The healthcare hubbub that Epic Systems started in January with an email from its CEO and founder, Judy Faulkner, to several of its hospital and health system clients has continued in February.

The tactic did not go unnoticed, and scathing responses were handed down by two of the industry’s leaders, and several other industry insiders, including Microsoft, Google and Cerner. Still, more than a month on, the piling on continues.

The latest comment is from Donald Rucker, M.D., head of the Office of the National Coordinator for Health IT (ONC). The proposed interoperability rule from the ONC, he said, is "solid" for patients’ data privacy protections.

Rucker also said privacy in the modern, technological age is challenging, but patients should be able to easily access and share medical data.

But Rucker’s comments carried more weight than just admonishment of Faulkner’s missive. Speaking at Health Datapalooza in mid-February, he went even further and took on those who signed on with Epic’s lobbying efforts in opposition of the rule’s current language.

The letter Faulkner sent was signed by more than 60 hospital and health system CEOs, according to reporting from CNBC. The letter cited risks to patient privacy and intellectual property if the rules are finalized now.

Rucker said the hospitals that signed the letter because of their so-called privacy concerns but don’t share the same sympathy for patient privacy when unpaid medical bills are a factor.

"One of the signers of the letter is known for taking thousands of patients to court. If you take someone to court, that information becomes public discovery. Their medical care is now public. It's part of the court record," he said. "Looking at protecting privacy, we need to walk the walk here as we look at who is saying what and letter-writing campaigns."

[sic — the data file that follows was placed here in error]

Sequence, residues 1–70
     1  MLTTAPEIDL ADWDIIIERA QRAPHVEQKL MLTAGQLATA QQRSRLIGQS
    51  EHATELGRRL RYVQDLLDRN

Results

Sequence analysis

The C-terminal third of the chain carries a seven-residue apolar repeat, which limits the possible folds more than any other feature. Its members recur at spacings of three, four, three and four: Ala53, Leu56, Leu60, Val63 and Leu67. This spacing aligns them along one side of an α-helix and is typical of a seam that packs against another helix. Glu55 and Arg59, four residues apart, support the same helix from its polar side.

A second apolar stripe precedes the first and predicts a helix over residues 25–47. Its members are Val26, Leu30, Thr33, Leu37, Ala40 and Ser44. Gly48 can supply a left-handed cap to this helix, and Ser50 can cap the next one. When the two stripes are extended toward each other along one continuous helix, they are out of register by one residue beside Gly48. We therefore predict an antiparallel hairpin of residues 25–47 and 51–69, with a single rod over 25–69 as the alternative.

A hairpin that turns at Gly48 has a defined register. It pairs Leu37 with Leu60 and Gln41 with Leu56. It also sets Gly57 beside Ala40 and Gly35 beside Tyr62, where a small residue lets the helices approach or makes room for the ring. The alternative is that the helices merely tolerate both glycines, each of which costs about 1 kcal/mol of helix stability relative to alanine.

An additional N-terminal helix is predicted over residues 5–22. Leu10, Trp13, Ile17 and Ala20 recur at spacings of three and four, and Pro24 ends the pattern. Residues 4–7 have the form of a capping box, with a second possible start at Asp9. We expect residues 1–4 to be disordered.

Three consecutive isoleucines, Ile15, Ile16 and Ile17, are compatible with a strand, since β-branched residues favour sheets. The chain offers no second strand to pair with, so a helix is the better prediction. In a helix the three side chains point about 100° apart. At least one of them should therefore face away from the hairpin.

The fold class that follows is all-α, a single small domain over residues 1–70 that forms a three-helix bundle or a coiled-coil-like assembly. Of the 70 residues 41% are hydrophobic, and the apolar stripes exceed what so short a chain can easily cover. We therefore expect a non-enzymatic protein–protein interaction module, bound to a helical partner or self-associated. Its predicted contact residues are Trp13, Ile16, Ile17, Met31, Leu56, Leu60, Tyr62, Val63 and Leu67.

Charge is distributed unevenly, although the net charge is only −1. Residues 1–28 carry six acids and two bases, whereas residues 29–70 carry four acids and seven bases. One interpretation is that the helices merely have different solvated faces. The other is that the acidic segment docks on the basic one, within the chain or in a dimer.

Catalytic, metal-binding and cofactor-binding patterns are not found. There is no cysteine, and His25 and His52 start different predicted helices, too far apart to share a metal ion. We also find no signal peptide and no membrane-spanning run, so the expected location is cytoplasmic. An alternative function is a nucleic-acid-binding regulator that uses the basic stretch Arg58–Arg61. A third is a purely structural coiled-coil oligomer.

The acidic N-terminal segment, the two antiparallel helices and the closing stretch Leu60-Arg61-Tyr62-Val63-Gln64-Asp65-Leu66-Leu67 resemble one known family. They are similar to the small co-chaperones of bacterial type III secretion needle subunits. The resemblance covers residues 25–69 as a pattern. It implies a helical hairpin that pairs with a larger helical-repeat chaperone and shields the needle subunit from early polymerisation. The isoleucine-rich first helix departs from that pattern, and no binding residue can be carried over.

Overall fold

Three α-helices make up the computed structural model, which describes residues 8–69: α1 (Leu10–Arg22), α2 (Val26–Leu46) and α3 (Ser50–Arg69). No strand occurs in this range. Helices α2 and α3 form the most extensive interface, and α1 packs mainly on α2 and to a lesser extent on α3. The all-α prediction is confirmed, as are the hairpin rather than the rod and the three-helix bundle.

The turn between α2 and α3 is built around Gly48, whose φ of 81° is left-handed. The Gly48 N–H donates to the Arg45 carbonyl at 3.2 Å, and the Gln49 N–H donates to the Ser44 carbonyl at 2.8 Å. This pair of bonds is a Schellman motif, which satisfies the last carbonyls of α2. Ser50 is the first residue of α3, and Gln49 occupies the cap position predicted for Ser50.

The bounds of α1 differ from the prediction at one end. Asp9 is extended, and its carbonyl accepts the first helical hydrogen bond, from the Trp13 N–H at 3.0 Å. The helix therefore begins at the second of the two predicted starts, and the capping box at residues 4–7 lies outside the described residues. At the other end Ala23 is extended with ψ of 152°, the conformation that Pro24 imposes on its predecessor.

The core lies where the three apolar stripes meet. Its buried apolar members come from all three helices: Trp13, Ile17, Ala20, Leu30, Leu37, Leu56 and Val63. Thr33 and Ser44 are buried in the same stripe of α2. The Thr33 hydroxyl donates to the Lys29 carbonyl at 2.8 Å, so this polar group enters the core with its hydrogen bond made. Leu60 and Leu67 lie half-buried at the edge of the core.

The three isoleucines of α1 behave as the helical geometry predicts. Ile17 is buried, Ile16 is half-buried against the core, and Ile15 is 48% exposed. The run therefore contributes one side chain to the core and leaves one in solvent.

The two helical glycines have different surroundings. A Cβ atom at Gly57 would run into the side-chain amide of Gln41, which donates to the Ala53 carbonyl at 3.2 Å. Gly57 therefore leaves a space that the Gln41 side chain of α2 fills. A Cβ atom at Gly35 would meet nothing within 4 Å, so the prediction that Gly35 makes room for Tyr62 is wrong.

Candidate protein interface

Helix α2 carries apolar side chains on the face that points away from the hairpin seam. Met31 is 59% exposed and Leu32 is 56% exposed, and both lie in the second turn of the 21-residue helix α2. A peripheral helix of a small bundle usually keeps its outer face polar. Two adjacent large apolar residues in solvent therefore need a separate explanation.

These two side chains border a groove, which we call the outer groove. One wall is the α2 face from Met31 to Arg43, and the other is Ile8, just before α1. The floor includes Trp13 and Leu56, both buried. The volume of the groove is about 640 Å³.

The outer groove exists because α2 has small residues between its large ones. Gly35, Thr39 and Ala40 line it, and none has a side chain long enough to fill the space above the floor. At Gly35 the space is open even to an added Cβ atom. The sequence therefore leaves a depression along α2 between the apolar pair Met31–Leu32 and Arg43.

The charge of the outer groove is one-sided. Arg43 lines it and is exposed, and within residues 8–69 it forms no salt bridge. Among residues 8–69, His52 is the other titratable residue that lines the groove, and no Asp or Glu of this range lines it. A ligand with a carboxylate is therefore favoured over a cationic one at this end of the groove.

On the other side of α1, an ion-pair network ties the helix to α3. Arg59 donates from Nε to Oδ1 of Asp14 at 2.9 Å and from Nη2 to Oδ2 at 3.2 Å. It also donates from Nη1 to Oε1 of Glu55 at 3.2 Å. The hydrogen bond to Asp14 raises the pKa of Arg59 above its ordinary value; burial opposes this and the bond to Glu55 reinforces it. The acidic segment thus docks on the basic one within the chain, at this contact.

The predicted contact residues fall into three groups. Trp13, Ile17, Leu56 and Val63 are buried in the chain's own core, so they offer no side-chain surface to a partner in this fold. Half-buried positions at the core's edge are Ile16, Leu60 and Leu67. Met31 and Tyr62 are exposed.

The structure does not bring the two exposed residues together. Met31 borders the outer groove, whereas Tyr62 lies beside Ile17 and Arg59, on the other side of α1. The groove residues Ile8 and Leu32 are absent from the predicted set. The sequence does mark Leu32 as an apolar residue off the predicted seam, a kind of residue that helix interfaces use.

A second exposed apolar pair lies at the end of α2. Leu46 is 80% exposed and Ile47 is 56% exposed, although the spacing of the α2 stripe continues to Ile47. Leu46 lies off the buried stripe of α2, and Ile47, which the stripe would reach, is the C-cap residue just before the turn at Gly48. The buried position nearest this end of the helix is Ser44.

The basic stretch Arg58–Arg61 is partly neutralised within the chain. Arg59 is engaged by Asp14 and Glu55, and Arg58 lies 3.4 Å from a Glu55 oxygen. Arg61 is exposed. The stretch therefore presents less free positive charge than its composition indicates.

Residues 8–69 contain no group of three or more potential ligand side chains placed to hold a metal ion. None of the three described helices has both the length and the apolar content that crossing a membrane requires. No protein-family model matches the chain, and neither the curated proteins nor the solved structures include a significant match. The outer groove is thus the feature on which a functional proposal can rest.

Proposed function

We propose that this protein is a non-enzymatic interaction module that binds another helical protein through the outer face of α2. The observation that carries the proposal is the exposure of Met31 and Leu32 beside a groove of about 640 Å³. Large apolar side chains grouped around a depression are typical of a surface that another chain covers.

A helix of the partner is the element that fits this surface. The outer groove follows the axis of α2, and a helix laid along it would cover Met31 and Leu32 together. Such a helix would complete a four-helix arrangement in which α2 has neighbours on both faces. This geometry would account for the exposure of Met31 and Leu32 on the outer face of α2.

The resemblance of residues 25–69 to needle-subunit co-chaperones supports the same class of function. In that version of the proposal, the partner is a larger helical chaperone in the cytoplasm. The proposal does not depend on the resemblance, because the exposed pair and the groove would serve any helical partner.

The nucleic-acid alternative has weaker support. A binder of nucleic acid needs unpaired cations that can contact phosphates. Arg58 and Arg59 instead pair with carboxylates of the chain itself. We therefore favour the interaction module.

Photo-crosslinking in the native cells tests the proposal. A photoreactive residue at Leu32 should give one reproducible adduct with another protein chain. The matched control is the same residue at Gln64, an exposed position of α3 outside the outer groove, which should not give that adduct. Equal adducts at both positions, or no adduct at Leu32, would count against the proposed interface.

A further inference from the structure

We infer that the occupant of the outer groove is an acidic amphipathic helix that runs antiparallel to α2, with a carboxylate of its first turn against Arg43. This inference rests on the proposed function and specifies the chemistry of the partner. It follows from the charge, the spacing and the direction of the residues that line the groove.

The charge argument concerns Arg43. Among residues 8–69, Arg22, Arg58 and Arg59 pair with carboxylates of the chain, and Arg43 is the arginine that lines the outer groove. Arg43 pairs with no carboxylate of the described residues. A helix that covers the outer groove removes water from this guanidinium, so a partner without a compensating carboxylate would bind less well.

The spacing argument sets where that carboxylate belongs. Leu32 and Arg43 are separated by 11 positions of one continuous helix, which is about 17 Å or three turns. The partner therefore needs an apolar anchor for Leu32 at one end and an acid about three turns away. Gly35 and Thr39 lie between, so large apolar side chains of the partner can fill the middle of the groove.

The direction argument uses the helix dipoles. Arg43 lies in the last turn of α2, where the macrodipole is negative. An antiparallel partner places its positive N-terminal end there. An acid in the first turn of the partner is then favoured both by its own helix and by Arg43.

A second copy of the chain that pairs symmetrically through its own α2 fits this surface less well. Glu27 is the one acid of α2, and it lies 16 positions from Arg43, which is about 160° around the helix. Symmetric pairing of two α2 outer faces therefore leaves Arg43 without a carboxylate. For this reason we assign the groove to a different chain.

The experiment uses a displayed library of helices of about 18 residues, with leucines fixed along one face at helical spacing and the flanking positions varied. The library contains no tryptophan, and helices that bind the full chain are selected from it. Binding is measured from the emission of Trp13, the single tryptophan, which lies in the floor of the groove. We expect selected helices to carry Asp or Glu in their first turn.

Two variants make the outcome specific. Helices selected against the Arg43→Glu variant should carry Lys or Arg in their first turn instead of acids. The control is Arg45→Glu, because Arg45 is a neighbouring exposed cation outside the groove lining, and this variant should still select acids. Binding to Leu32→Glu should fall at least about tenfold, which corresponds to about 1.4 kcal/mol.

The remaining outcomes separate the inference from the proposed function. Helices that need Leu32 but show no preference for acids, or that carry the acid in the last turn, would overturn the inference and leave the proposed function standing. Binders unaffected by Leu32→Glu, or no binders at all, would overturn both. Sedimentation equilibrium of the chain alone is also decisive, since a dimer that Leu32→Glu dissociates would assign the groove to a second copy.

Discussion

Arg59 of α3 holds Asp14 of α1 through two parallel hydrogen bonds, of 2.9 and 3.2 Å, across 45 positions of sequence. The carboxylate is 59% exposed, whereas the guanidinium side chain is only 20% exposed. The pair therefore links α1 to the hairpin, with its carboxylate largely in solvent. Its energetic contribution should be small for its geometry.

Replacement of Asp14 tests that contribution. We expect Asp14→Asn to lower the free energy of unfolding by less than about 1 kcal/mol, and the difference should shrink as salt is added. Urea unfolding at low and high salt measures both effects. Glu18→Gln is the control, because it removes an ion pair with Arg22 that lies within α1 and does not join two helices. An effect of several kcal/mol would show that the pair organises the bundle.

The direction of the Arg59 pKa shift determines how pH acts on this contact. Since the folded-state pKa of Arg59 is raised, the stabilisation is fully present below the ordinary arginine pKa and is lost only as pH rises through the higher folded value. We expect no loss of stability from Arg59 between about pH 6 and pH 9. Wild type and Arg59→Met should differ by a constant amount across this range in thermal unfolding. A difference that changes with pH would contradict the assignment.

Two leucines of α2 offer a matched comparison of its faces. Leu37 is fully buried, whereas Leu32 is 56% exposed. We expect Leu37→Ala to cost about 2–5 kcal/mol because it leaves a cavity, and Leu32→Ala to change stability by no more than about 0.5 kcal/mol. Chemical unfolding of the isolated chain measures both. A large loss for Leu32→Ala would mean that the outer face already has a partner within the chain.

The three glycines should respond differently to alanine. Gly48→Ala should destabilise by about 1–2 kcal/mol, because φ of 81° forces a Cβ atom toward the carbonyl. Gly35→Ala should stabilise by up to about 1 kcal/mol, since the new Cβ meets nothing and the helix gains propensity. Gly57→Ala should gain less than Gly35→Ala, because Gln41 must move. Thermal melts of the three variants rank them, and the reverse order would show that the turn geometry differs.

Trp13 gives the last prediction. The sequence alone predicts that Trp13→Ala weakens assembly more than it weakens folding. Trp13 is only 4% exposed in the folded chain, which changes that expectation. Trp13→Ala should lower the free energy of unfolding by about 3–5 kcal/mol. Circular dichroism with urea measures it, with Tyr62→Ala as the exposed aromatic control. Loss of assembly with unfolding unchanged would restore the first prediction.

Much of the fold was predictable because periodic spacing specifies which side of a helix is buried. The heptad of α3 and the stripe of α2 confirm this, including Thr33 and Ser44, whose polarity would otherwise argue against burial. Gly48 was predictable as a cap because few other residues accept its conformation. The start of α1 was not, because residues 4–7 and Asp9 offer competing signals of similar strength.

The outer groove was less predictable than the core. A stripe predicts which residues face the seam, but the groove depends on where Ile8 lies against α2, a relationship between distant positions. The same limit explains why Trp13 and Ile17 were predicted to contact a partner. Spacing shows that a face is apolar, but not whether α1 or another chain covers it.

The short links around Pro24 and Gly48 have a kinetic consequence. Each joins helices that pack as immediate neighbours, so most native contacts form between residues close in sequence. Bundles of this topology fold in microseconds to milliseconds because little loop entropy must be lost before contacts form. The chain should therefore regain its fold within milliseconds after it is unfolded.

"We've often looked at interoperability in a narrow view, which is just as a replacement for moving the patient’s chart. Modern computing and APIs offer a vastly richer and more empowering global computing environment. Well-built APIs can do almost anything that your creativity allows," he said.

Before Rucker took the stage at Health Datapalooza, Health and Human Services (HHS) Secretary Alex Azar also addressed the upcoming interoperability rules and the Trump administration's commitment to putting "patients in charge of their data" and called out industry stakeholders who are "defending the status quo." They are protecting a health records system that is "segmented and Balkanized," he said.

"We have a serious problem — and scare tactics are not going to stop the reforms we need," Azar said.

Prior to this recent volley of assaults from the federal health IT’s leaders, a bigger gun took aim. Seema Verna, administrator of the Centers for Medicare and Medicaid Services (CMS), called Epic and Faulkner “bad actors” for opposing the rule.

In a presentation at the 2020 CMS Healthcare Innovation Industry Day in Washington, D.C., Verma minced no words: “Access to one's data can be a matter of life and death, and this administration will not waver in ensuring that patients enjoy full ownership of their data.”

"The disingenuous efforts by certain private actors to use privacy, as vile as it is, as a pretext for holding patient data hostage is an embarrassment to the industry," Verma said. "The short-sightedness of such efforts is deeply troubling considering the broad frustration of the American people with the status quo, and it's the fuel that is driving the calls for the destruction of the entire private healthcare system.”

Two interoperability proposals, released by the ONC and the CMS in 2019, make up the core of the Trump administration's vision for putting patients at the center of American healthcare.

The rules, as designed, make it easier for providers, insurers and patients to exchange health data by requiring caregivers or health systems and insurers to implement standardized application programming interfaces that connect IT systems like electronic health records with third-party apps.